Fr. Dwight Longenecker wrote yesterday on Pope Francis’ visit to St. Mary Major Basilica in Rome and on why he may have opted to pray, while there, at the tomb of Pope St. Pius V.
So who was Pope St Pius V? He was a reforming pope who reigned from 1566- 1572. He cleaned up the curia, excommunicated heretical bishops, cleaned up the immorality in the church and swept the church clean– paving the way for the great surge in the church we call the Counter Reformation. He also excommunicated the tyrant Elizabeth I of England and formed the Holy League–a confederation of Catholic armies which eventually defeated the Ottoman Empire at the Battle of Lepanto. Pius V also instituted the Feast of Our Lady of Victories (nor the feast of Our Lady of the Rosary).
St Francis lived during a time of corruption, wealth and power in the church. He heard Christ say to him, “re-build my church.” Will Pope Francis also hear the call from Christ to “re-build my church” and not only be a new Francis but a new Pius V? I think we will see some high drama in the months to come.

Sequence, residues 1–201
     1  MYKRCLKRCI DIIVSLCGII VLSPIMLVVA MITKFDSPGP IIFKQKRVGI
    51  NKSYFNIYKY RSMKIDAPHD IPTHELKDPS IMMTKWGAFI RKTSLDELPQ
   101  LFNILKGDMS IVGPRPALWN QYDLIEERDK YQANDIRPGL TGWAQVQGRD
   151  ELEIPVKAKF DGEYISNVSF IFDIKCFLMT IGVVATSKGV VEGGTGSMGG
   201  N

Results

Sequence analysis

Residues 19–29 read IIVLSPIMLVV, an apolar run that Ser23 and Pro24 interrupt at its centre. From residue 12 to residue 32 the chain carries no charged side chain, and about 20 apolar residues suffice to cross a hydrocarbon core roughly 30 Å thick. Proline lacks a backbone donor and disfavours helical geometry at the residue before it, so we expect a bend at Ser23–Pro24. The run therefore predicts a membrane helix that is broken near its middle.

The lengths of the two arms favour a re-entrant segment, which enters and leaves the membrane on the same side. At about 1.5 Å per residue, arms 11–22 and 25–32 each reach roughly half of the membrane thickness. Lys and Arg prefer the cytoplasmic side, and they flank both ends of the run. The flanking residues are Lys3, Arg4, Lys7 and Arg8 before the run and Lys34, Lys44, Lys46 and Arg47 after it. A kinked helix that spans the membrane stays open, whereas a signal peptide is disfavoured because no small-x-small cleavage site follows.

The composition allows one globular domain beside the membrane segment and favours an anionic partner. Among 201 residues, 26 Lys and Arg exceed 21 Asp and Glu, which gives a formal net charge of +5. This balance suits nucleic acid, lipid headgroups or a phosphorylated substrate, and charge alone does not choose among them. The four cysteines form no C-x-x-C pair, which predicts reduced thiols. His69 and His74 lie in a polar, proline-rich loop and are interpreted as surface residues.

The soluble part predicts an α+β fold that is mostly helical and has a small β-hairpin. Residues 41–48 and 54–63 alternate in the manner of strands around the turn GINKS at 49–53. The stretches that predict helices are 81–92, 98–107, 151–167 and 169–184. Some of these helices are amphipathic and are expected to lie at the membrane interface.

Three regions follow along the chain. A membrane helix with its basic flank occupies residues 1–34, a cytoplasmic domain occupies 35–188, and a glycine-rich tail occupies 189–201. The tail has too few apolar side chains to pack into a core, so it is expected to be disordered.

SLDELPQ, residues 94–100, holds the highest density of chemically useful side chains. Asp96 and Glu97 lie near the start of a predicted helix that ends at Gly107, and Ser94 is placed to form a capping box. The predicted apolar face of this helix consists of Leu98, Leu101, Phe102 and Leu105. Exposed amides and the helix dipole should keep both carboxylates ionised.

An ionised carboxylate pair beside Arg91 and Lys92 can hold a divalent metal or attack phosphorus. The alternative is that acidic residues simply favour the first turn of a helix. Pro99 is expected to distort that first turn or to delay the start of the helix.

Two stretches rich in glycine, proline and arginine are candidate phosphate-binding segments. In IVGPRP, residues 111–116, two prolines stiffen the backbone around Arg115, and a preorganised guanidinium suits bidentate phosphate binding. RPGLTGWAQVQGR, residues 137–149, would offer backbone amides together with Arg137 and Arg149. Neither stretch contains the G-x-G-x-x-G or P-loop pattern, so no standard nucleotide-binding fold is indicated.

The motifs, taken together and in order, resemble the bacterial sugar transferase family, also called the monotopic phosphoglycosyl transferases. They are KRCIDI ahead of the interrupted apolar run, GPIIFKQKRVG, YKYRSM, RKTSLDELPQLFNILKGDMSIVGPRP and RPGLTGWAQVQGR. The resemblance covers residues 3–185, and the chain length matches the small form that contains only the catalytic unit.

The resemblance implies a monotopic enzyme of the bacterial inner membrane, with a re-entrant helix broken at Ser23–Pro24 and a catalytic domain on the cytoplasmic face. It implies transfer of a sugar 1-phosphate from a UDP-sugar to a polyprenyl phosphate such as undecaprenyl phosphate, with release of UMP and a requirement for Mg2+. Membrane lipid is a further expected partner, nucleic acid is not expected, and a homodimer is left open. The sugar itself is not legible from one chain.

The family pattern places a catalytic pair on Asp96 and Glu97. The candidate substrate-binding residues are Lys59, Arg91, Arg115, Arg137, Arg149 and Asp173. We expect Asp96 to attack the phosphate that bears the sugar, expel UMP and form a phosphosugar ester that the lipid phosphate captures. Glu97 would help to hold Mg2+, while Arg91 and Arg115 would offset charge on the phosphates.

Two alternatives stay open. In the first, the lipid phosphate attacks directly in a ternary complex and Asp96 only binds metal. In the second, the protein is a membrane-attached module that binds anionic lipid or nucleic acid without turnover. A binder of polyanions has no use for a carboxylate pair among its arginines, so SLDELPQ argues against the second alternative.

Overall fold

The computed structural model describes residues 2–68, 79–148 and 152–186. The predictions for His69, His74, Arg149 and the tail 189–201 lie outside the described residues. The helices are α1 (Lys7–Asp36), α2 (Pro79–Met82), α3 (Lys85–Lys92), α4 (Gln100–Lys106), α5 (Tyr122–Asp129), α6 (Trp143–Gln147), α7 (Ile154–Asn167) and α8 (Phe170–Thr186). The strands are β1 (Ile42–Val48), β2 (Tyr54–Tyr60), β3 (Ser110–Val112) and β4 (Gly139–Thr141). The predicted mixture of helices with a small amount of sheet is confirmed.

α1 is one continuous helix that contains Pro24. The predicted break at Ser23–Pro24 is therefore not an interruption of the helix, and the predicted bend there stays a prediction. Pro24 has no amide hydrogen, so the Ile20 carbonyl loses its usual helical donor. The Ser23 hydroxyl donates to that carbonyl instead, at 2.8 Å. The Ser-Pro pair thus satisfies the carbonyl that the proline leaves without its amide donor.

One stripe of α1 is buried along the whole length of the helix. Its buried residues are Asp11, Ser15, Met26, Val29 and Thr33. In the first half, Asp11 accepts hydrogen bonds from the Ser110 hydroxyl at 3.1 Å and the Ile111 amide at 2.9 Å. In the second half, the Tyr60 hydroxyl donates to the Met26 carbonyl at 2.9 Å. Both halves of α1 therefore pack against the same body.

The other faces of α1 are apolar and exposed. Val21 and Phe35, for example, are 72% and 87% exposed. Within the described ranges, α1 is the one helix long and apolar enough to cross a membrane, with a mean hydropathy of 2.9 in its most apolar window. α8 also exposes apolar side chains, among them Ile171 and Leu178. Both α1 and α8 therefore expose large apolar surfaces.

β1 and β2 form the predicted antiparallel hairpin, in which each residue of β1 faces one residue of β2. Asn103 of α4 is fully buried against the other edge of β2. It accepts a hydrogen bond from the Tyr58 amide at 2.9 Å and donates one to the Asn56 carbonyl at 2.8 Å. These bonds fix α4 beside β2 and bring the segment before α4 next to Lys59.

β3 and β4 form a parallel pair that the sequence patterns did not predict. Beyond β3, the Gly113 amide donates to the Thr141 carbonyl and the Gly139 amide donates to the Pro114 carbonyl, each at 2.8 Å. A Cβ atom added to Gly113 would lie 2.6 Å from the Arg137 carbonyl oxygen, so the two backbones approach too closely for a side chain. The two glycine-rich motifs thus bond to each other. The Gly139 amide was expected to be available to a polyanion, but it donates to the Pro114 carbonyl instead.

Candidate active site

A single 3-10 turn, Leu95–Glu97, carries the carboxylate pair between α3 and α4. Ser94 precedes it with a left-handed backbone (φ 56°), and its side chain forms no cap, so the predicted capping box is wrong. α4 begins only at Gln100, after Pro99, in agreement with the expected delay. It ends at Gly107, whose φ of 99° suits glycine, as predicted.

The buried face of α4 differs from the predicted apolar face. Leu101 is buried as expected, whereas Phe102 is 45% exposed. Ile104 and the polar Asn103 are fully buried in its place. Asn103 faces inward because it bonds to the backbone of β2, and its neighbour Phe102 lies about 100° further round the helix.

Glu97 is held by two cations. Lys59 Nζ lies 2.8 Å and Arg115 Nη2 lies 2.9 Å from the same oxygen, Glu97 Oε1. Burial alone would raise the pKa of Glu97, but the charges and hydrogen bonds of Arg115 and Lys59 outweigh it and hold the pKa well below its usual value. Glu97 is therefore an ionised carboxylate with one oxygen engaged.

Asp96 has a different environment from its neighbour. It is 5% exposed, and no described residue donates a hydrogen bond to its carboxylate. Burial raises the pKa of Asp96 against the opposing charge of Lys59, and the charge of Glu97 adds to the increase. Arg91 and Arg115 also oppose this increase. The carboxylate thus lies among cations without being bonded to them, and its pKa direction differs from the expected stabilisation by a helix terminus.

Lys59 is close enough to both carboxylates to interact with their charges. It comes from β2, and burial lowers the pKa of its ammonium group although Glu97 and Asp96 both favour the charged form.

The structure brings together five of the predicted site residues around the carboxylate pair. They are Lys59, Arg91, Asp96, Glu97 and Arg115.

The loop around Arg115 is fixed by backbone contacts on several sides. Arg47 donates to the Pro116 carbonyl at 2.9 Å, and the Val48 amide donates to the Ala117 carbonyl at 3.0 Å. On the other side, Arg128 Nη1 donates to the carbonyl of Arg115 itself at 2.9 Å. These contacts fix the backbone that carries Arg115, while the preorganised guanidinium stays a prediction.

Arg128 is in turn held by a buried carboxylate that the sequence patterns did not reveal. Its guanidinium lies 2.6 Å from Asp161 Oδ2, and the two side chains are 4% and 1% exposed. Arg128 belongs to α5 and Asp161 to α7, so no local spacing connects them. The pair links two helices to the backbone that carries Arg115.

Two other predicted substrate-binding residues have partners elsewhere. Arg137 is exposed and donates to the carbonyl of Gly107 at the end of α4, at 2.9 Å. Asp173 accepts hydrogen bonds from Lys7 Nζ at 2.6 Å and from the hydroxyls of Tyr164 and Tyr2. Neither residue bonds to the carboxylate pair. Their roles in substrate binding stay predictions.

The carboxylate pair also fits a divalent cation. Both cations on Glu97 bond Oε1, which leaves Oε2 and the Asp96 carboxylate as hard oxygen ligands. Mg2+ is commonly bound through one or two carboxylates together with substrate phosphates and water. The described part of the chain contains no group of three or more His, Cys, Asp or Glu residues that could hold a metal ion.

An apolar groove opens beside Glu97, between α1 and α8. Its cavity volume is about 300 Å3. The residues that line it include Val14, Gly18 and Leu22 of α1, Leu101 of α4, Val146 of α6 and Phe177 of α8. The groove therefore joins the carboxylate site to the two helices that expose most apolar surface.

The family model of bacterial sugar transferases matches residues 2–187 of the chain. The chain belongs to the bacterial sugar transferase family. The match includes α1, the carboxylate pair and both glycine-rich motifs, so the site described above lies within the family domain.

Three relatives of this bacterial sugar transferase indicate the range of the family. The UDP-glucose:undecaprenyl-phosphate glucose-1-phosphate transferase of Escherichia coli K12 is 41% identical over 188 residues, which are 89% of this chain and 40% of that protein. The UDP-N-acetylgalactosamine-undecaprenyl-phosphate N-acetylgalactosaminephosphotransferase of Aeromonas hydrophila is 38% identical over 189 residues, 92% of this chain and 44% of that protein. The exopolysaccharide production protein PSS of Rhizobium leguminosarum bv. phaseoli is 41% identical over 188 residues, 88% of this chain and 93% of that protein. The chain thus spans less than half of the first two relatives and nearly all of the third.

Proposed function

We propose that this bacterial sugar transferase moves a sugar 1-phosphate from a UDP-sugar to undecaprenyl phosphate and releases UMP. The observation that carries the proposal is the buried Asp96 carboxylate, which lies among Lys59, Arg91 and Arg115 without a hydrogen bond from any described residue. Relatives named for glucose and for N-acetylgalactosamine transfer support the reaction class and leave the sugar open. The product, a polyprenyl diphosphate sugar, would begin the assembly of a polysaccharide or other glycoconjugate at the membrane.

Father also wrote about Pope Francis’ record as Archbishop of Buenos Aires. Pope Francis is a true reformer, not the heretical kind the secular media here in America have been calling for.
As we can see already from Pope Francis’ very public acts of humility, like riding the bus instead of using the papal convoy, Pope Francis is, by example, calling on all of us to reform ourselves. That includes me. It includes you. It includes everyone.
Pope Benedict XVI offered us an example of profound humility in submitting to God’s will in resigning from the Chair of Peter, the seat of authority in the Catholic Church which has over a billion adherents worldwide. Pope Francis takes us further still into what seems clearly a future of reform. Pray for him, and for the whole Church.
One final note, not mentioned by Fr. Longenecker. When the composer Giovanni Pierluigi da Palestrina was elevated to choirmaster at St. Peter’s upon the death of Giovanni Animuccia, jealousy prompted calls for his removal. Pope Pius V held fast against this and retained him. Palestrina is called the “greatest composer of liturgical music of all time” by the Catholic Encyclopedia.
Palestrina – Tu es Petrus, Pope Benedict XVI, Ash Wednesday, 2013. (After his resignation announcement, with long applause from those in attendance.)